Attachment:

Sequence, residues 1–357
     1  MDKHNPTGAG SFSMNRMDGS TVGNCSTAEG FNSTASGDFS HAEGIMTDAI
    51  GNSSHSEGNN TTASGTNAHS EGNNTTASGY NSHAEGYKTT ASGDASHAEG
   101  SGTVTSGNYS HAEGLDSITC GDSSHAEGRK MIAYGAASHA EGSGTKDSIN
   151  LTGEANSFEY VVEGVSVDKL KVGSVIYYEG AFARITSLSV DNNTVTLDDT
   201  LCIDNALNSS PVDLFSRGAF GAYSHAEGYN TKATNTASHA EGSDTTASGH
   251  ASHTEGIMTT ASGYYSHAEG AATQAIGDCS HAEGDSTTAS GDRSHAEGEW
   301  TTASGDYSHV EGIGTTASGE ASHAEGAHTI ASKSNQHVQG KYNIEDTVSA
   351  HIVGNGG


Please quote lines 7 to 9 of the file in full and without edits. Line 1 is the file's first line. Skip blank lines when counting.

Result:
   251  ASHTEGIMTT ASGYYSHAEG AATQAIGDCS HAEGDSTTAS GDRSHAEGEW
   301  TTASGDYSHV EGIGTTASGE ASHAEGAHTI ASKSNQHVQG KYNIEDTVSA
   351  HIVGNGG